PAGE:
This is discrimination.

The most extremely ill, the ones that have been diagnosed with chronic diseases and disorders that will never be cured like schizophrenia and bipolar 1, are then lumped under the mental health umbrella with those that have minor mental health issues. People that have video game addictions, low self-esteem issues, and perhaps are dealing with stress brought on by life changes do not remotely compare with those that suffer from chronic psychiatric diseases like schizophrenia.

This is discrimination and leads to the illest receiving a great disservice.

The fact that many mental health groups use terms like “recovery is beautiful” is in fact discriminatory. People with schizophrenia never recover, they manage symptoms. A person with schizophrenia could be hospitalized 50 or 60 times in a lifetime, be incarcerated, and homeless because of their diseases. Comparing schizophrenia, bipolar 1 or schizoaffective disorder to self-esteem issues is ridiculous. It is like comparing heartburn to a heart attack, and they need to be separated into their own classification. As of now, they are being discriminated upon by every major organization and entity in this country.

This is not stigma – this is discrimination.

Psychiatric services are rarely treated under private insurance. Discrimination. The Medicaid program does not cover their treatment either. Discrimination. The ER triage method of getting them in and out in 3 days is insufficient and would never be tolerated for other diseases. This is discrimination. Being told they can recover, is discrimination. Being sent to jail for being sick. Discrimination.

I read a comment the other day on one of my posts where a woman had started a Facebook group in hopes of finding her mentally ill mother. She has now reconnected 60+ people with their loved ones. People on the outside of our world do not understand that if our loved one wanders off in the middle of the night, and even if we report it to police, we will not be informed by hospitals or other places like homeless shelters etc because of our mentally ill loved ones “rights”. They cannot care for themselves or make rational decisions when they have gotten off of their treatment plans. There are mothers right now in this country praying that their child will be arrested just so they will know where that child is and that they are eating, and not dying behind a dumpster somewhere alone. Why is this country set up to make this so hard for us to keep our loved ones safe?

Would you want your child living like this? Under the delusional control of a psychiatric illness it can happen and you are powerless to bring them home! Homeless children can be beaten up, raped, robbed or killed. They cannot be forced to come home, or to receive treatment.

I don’t like to be negative in my writing, I like to be encouraging by nature, but there is no other way to describe this situation in America. Every state needs funding, private insurance needs to start covering this care, we need more long term facilities and more A.O.T treatment options. We need HIPPA exclusions for those with brain diseases and we need law enforcement to work with parents and psychiatric professionals to bring this country out of the dark ages and make it a place that is safe and compassionate for these people living with chronic, incurable, brain diseases like schizophrenia, bipolar and schizoaffective disorders. From top to bottom our current system needs an overhaul.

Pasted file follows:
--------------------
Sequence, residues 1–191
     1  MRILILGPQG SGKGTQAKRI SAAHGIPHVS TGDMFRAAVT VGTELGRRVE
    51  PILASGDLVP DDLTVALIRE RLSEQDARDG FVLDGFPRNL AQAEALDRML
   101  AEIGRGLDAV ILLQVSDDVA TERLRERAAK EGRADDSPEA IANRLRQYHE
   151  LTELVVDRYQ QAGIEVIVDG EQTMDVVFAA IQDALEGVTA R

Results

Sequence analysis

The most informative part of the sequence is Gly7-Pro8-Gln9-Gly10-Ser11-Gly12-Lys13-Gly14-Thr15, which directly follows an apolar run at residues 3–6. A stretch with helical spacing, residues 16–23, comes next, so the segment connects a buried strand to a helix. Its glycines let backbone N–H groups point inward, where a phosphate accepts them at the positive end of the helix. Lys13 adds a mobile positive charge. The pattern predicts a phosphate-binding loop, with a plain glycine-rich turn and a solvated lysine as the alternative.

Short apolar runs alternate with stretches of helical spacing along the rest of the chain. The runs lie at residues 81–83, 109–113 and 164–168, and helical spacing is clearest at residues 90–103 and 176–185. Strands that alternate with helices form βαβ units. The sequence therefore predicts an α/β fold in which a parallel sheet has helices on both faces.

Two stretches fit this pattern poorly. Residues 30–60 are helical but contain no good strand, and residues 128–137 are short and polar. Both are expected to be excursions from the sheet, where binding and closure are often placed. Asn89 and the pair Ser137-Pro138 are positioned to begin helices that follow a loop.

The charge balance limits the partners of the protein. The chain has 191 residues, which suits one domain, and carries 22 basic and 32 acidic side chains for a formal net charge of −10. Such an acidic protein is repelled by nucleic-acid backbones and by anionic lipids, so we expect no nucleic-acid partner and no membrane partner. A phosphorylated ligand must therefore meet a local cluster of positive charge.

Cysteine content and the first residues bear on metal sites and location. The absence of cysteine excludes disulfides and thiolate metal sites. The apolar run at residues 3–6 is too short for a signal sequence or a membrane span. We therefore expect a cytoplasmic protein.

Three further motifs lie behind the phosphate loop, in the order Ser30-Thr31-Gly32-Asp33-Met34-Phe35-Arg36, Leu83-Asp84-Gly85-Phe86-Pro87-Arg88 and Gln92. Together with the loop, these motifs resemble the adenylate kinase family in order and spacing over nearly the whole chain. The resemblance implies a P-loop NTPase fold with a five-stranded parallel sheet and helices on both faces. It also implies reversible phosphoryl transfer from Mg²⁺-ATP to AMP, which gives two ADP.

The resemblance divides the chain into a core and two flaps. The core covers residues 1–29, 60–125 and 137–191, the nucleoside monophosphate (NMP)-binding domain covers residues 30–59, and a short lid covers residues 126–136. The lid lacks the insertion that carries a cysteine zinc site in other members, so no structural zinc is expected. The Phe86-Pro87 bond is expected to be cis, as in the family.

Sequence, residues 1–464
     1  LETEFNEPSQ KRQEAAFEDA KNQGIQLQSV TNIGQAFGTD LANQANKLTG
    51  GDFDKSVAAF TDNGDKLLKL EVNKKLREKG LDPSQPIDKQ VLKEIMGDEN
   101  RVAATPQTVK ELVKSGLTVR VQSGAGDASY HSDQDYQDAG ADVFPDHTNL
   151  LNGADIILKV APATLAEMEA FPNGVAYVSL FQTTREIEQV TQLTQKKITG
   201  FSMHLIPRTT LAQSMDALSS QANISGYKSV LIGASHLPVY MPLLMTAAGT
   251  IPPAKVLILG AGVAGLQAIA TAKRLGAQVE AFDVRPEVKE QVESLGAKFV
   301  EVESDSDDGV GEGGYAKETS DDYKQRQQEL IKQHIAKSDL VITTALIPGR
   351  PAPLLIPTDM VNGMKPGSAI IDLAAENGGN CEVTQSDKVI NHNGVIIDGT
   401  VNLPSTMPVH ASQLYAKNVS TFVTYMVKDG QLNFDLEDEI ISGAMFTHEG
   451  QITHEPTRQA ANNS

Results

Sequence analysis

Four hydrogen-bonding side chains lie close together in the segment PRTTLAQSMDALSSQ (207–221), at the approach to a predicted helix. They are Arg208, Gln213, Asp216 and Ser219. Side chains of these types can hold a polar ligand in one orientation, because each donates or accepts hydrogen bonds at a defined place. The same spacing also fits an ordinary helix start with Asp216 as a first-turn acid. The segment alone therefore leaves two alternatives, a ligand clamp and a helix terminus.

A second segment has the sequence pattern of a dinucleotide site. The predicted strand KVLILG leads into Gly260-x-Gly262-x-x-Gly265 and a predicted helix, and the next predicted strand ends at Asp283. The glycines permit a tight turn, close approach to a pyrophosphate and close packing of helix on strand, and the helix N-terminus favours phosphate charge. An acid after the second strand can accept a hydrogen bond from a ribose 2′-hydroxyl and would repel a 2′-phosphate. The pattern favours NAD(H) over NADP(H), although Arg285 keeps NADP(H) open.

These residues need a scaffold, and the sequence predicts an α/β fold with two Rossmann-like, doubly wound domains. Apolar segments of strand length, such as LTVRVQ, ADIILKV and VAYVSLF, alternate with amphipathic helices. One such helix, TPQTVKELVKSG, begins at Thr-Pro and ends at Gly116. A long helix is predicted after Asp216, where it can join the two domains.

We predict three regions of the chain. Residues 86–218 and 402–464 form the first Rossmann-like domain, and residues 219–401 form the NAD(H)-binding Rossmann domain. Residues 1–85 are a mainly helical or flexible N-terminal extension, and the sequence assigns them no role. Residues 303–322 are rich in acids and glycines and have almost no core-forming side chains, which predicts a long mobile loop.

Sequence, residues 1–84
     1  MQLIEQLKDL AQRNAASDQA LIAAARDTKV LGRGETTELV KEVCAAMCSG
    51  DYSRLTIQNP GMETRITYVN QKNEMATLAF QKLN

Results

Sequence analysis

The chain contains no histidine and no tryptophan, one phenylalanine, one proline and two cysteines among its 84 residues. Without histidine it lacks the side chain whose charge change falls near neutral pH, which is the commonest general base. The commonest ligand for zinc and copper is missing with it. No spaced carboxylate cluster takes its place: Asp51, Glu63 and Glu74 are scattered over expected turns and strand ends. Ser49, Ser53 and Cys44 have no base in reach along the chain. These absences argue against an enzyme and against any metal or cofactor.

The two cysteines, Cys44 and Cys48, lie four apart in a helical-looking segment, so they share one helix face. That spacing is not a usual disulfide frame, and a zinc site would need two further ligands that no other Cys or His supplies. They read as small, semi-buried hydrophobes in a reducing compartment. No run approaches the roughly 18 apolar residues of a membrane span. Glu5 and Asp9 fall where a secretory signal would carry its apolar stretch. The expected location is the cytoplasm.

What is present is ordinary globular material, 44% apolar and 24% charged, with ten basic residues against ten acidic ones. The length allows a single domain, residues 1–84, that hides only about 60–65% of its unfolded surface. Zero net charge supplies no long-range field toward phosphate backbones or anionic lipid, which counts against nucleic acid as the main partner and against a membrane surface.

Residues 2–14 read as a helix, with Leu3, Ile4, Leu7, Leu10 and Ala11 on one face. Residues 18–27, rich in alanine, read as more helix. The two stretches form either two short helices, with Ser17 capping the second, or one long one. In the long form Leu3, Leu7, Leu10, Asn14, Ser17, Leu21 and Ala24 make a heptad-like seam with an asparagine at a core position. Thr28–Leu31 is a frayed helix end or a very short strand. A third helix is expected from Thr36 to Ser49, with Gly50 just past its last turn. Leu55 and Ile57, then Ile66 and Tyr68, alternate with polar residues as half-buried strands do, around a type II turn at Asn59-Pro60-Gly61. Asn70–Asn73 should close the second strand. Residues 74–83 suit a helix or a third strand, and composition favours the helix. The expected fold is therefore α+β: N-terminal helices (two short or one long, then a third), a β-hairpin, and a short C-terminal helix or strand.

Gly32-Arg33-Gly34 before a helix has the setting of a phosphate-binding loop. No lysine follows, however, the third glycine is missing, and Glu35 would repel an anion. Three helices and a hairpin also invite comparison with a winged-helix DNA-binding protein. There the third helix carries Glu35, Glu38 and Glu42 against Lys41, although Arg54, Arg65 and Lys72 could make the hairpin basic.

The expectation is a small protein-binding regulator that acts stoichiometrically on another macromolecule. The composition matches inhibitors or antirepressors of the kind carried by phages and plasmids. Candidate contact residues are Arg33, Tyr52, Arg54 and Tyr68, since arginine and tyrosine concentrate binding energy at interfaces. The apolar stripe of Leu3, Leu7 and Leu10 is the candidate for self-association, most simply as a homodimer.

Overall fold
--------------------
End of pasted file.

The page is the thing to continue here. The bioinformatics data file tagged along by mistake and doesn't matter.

We need a common sense approach to mental illness. We need to be able to intervene on their behalf and save them from themselves. Their own mind puts them in extreme danger, often. They are unable to make quality decisions when they are in the throws of a delusional reality. It is as irresponsible to allow them control over their decisions, as it is to allow a five year old to play in traffic. Common sense tells you that this will end in tragedy. We need to be able to intervene in their care, in a simple way that is easy to maneuver.

Our children are dying, rotting away in solitary confinement, succumbing to the elements alone on street corners. We are on the frontlines in a war we just are not equipped to win. We need help, we need support, we need the nation to back us and say that this discrimination has to stop. Every American deserves to be treated like a human being, not an animal. There needs to be a formal roundtable discussion between all the stakeholders in this situation. The government, the parents, the health care providers, to sit down and make a game plan to get these people the help they need. To end this discrimination finally.

I know when we look back on our nation’s history, this time is going to be of great embarrassment to us. The fact that we have allowed the most severely ill amongst our population to be exploited, abused, neglected and shunned for this long is absolutely disgusting. The United States treatment of the mentally ill is the most criminal act of all, and every day that we continue to allow this abuse we are displaying gross negligence. We know it is happening, to allow it, makes us all responsible.

Imagine if this was your child. You could not force them to come home, they are delusional and refusing to eat or drink and won’t take their medicine. The police won’t help you and all you can do is watch them fall apart…how would that make you feel? We need to protect those with mental illness from this type of unnecessary suffering, please take a stand against this discrimination.

If you would like to become involved in the efforts to change the policies our country currently holds concerning the welfare and care of those with serious mental illnesses like schizophrenia, bipolar and schizoaffective disorders please consider joining the National Shattering Silence Coalition. We are always looking for new members to help us push forward on legislation that will end this discrimination and the civil rights abuses of the most vulnerable in our society – those wit/h serious mental illness.